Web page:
... However, even though we have accomplished a lot in terms of HIV testing and ART provision, many HIV-infected persons still present late to care which puts them at risk of opportunistic infections. 2,3 Moreover, HIV late presenters are at the highest risk for IRIS 4 highlighting the importance of early HIV diagnosis. ...
... Late presentation to HIV care coupled with late treatment initiation in the course of HIV disease progression worsens the health outcomes for individuals and can compromise the fight against the HIV/AIDS epidemic. For people living with HIV, late treatment initiation is associated with clinical progression, increased AIDS and non-AIDS related morbidity and mortality, higher propensity for treatment related adverse events and lower chances of achieving viral suppression [8][9][10][11][12][13][14]. At the population level, late treatment initiation implies potential onward viral transmission from unsuppressed HIV viral load among those living with HIV [15]. ...
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Article
Background: Late antiretroviral treatment initiation for HIV disease worsens health outcomes and contributes to ongoing transmission. We investigated whether socioeconomic inequalities exist in access to treatment in a setting with universal access to care and treatment. Methods: This study investigated the association of educational level, used as a proxy for socioeconomic status, with late treatment initiation and treatment initiation with advanced disease. Study participants included adults (≥25 years) who started treatment from 2005 to 2018 at Instituto Nacional de Infectologia Evandro Chagas of Fundação Oswaldo Cruz (INI/FIOCRUZ), Rio de Janeiro, Brazil. Educational level was categorized following UNESCO's International Standard Classification of Education: incomplete basic education, basic education, secondary level, and tertiary level. We defined late treatment initiation as those initiating treatment with a CD4 < 350 cells/mL or an AIDS-defining event, and treatment initiation with advanced disease as those initiating treatment with a CD4 < 200 cells/mL or an AIDS-defining event. A directed acyclic graph (DAG) was constructed to represent the theoretical-operational model and to understand the involvement of covariates. Logistic regression models were used to estimate the adjusted odds ratios (aOR) and 95% confidence intervals (95%CI). Multiple imputation using a chained equations approach was used to treat missing values and non-linear terms for continuous variables were tested. Results: In total, 3226 individuals composed the study population: 876 (27.4%) had incomplete basic education, 540 (16.9%) basic, 1251 (39.2%) secondary level, and 525 (16.4%) tertiary level. Late treatment initiation was observed for 2076 (64.4%) while treatment initiation with advanced disease was observed for 1423 (44.1%). Compared to tertiary level of education, incomplete basic, basic and secondary level increased the odds of late treatment initiation by 89% (aOR:1.89 95%CI:1.47-2.43), 61% (aOR:1.61 95%CI:1.23-2.10), and 35% (aOR:1.35 95%CI:1.09-1.67). Likewise, the odds of treatment initiation with advanced disease was 2.5-fold (aOR:2.53 95%CI:1.97-3.26), 2-fold (aOR:2.07 95%CI:1.59-2.71), 1.5-fold (aOR:1.51 95%CI:1.21-1.88) higher for those with incomplete basic, basic and secondary level education compared to tertiary level. Conclusion: Despite universal access to HIV care and antiretroviral treatment, late treatment initiation and social inequalities persist. Lower educational level significantly increased the odds of both outcomes, reinforcing the existence of barriers to "universal" antiretroviral treatment.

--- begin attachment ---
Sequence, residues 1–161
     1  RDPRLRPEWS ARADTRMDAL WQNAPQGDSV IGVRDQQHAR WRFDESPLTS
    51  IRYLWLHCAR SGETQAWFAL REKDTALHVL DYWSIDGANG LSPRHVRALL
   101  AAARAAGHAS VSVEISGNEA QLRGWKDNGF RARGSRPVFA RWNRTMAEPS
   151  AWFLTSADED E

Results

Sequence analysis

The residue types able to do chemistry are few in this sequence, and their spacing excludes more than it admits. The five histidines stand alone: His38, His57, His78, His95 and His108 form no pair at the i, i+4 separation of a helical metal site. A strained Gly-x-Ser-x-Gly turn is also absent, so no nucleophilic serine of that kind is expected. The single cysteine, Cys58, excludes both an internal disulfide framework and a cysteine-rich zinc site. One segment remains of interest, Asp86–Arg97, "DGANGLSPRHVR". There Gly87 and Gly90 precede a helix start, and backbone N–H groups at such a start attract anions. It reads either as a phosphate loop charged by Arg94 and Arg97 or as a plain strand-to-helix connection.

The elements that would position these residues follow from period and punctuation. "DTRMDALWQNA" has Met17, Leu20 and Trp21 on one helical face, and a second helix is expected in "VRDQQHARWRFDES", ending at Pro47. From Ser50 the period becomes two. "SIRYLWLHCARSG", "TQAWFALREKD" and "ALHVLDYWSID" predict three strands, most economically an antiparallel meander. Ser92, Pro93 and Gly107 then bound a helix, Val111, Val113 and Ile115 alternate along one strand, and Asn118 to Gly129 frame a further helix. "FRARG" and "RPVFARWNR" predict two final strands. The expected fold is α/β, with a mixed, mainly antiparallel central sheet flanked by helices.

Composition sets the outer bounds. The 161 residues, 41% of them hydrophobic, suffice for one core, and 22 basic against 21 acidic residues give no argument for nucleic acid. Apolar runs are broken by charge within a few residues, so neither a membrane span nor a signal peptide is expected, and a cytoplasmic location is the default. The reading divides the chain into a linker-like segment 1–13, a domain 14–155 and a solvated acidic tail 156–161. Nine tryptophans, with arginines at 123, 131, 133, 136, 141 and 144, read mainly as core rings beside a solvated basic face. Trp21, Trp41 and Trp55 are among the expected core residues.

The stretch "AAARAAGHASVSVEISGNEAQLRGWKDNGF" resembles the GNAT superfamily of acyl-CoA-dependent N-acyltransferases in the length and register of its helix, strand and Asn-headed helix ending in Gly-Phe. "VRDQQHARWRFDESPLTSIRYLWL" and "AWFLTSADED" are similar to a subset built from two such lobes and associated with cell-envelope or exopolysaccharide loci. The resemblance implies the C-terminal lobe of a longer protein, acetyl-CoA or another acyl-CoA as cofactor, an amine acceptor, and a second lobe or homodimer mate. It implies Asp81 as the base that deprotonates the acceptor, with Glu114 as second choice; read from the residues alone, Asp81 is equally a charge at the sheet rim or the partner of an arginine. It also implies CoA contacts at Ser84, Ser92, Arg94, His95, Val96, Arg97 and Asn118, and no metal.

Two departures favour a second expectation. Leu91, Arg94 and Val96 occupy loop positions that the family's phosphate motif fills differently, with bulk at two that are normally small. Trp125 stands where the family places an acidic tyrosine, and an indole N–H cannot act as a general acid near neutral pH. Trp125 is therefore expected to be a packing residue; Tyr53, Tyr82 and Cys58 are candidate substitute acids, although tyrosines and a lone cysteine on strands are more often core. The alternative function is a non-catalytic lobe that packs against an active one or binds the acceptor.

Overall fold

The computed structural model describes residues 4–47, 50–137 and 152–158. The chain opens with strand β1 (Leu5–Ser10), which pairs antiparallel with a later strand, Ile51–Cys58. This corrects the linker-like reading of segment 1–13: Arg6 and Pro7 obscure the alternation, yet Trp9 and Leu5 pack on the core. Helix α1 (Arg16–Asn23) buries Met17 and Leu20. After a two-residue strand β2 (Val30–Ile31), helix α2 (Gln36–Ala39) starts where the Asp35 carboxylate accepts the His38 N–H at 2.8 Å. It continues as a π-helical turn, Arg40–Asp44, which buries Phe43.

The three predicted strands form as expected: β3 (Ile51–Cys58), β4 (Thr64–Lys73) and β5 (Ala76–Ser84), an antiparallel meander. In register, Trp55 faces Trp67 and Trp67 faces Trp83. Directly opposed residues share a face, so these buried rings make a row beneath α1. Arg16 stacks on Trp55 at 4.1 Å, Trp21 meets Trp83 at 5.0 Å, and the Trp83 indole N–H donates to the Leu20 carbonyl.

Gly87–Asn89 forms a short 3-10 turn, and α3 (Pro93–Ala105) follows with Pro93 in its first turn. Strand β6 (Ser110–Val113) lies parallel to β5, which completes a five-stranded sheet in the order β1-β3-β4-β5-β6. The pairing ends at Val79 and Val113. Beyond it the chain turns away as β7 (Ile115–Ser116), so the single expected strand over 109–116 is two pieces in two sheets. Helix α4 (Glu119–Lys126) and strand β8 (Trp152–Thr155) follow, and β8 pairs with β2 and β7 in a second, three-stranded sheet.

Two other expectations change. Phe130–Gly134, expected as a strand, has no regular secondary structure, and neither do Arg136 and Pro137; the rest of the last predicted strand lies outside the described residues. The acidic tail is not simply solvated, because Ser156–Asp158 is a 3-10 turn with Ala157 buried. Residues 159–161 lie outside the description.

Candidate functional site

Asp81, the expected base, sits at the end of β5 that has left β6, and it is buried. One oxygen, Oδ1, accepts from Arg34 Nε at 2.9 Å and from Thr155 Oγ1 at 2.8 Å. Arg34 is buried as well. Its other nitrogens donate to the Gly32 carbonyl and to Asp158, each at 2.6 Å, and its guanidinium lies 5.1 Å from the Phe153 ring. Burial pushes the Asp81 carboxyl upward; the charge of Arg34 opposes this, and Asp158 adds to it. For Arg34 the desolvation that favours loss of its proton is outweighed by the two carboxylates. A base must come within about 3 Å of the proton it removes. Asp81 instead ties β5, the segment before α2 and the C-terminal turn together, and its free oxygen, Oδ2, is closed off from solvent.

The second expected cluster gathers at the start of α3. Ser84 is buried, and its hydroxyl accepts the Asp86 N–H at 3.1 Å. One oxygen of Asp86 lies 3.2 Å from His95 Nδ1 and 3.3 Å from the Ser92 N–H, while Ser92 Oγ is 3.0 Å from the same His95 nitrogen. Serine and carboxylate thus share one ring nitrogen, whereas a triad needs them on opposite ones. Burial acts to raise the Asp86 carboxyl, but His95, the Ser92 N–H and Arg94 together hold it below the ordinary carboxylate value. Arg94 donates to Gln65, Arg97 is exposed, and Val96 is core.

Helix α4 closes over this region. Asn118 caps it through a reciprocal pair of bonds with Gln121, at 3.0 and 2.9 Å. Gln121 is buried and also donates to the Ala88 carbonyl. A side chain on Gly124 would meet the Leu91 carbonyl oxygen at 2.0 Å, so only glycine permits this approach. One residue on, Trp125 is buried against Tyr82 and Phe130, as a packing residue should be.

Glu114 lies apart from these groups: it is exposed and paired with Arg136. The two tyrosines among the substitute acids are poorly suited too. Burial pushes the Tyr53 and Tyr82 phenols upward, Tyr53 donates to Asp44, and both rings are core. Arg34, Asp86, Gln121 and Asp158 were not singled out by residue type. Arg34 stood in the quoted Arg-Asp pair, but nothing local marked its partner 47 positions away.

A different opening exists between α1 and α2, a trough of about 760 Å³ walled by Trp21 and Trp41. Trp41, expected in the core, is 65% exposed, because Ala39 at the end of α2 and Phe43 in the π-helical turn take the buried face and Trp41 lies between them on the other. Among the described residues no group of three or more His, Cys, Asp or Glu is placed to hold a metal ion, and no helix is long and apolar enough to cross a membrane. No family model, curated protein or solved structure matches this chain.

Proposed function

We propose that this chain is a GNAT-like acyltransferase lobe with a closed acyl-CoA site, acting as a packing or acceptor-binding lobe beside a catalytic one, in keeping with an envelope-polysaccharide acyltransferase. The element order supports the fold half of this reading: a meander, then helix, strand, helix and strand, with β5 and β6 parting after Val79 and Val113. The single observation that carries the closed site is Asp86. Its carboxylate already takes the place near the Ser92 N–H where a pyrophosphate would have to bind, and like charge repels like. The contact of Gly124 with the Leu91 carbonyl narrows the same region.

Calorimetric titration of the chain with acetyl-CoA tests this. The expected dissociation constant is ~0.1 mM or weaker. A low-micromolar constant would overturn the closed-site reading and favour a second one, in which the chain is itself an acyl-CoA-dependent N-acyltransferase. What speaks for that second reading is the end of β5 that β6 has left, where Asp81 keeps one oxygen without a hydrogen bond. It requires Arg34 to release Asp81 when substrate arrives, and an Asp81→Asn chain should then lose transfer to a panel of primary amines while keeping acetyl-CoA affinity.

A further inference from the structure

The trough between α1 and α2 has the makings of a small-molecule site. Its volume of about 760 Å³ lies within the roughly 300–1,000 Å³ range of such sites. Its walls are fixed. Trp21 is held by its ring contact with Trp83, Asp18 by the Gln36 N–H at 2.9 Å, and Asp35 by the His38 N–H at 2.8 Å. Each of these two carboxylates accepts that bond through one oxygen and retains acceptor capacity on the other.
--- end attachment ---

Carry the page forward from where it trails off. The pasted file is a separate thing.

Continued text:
... Migrants are overrepresented with 42% of new diagnoses being persons born outside of Spain. Late presentation of HIV infection is a public health concern because of associated worse health outcomes [3][4][5] and the increased risk of transmission [6][7][8]. Worse survival rates have been observed in those who are diagnosed with advanced HIV disease compared to those diagnosed late [9]. ...
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Article
This study using the Catalan PISCIS cohort explores risk factors of migrants’ late presentation and the impact of late presentation on their health outcomes. We analyse 9590 new HIV diagnoses enrolled in the cohort between 2004 and 2016. Univariate and multivariate logistic regression models are used to identify risk factors associated with late presentation among migrants, giving crude and adjusted odds ratios and their 95% confidence intervals. Cox regression models are estimated to identify risk factors associated with AIDS/death, and crude and adjusted hazard ratios and 95% confidence intervals are reported. Late presentation is higher in migrants than non-migrants. Among migrants, region of origin is associated with late presentation and AIDS/death during follow-up. The results highlight persisting inequalities in HIV diagnosis and care among migrants in Catalonia. Targeted interventions addressed to specific subgroups in the migrant population are needed.